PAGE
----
Dec 3, 2010
by WLJ

First USDA-licensed real-time PCR test for detection of BVDV released

Life Technologies Corporation, a provider of innovative life science solutions, last week introduced its first USDA-licensed real-time polymerase chain reaction (PCR) test to detect bovine viral diarrhea virus (BVDV), a debilitating disease that costs the U.S. cattle industry an estimated $2 billion per year.

The Applied Biosystems VetMAX-Gold BVDV Detection Kit from Life Technologies provides veterinary diagnostic laboratories around the world with a sensitive tool to test cattle for type 1 and type 2 BVDV—an immune-suppressing disease that makes cows susceptible to a range of respiratory and reproductive illnesses.

The approval of the VetMAX-Gold BVDV Detection Kit is based on the successful completion of the USDA’s stringent review process to ensure safety and effectiveness of the real-time PCR test and evaluate production and quality systems’ compliance at the manufacturing site. Veterinary diagnosticians have historically relied on Life Technologies’ molecular reagents and instrumentation to detect and control disease. However, the USDA-licensed product now provides them with a federally approved test containing all the necessary reagents and controls in a single kit.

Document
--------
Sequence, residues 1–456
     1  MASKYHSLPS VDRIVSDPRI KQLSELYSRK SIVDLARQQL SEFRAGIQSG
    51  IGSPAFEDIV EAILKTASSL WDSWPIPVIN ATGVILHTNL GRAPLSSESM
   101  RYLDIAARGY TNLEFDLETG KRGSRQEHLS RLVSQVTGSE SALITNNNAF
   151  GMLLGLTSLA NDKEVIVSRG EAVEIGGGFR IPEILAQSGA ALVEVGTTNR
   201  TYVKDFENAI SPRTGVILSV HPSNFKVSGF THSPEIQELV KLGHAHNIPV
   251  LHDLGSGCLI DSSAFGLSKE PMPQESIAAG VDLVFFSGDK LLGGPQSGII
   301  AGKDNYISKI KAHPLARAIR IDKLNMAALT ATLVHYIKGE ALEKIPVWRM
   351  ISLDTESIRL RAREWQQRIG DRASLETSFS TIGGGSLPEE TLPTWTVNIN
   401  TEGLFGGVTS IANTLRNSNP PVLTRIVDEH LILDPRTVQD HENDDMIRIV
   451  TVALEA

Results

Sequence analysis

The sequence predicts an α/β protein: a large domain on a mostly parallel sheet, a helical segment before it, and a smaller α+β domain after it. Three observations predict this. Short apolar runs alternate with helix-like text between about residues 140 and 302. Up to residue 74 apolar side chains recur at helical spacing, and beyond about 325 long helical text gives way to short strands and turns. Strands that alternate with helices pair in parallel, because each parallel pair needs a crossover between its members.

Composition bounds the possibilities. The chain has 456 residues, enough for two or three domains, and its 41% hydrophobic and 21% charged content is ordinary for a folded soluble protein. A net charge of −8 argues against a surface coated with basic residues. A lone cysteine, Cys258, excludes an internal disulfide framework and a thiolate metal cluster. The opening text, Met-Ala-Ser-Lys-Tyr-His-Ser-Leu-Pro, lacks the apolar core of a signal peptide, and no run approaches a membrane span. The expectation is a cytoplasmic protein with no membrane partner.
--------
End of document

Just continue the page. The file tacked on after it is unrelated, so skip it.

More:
“We continue to see our PCR-based molecular biology tools gain acceptance in a growing number of applied market segments,” said Peter Dansky, president of Molecular Biology Systems for Life Technologies. “The USDA’s approval of our kit is a testament to Life Technologies’ leadership as a supplier of highly accurate, reliable and cost-effective molecular tests that are having a positive impact on the cattle industry and other food producers.”

Life Technologies is committed to the animal health industry by offering leading products and services designed to help veterinary laboratory diagnosticians test for disease. The company’s family of next-generation molecular tools and easy-to-use instruments for PCR analysis provide the complete workflow that is needed to monitor the health of herd and flock animals worldwide.

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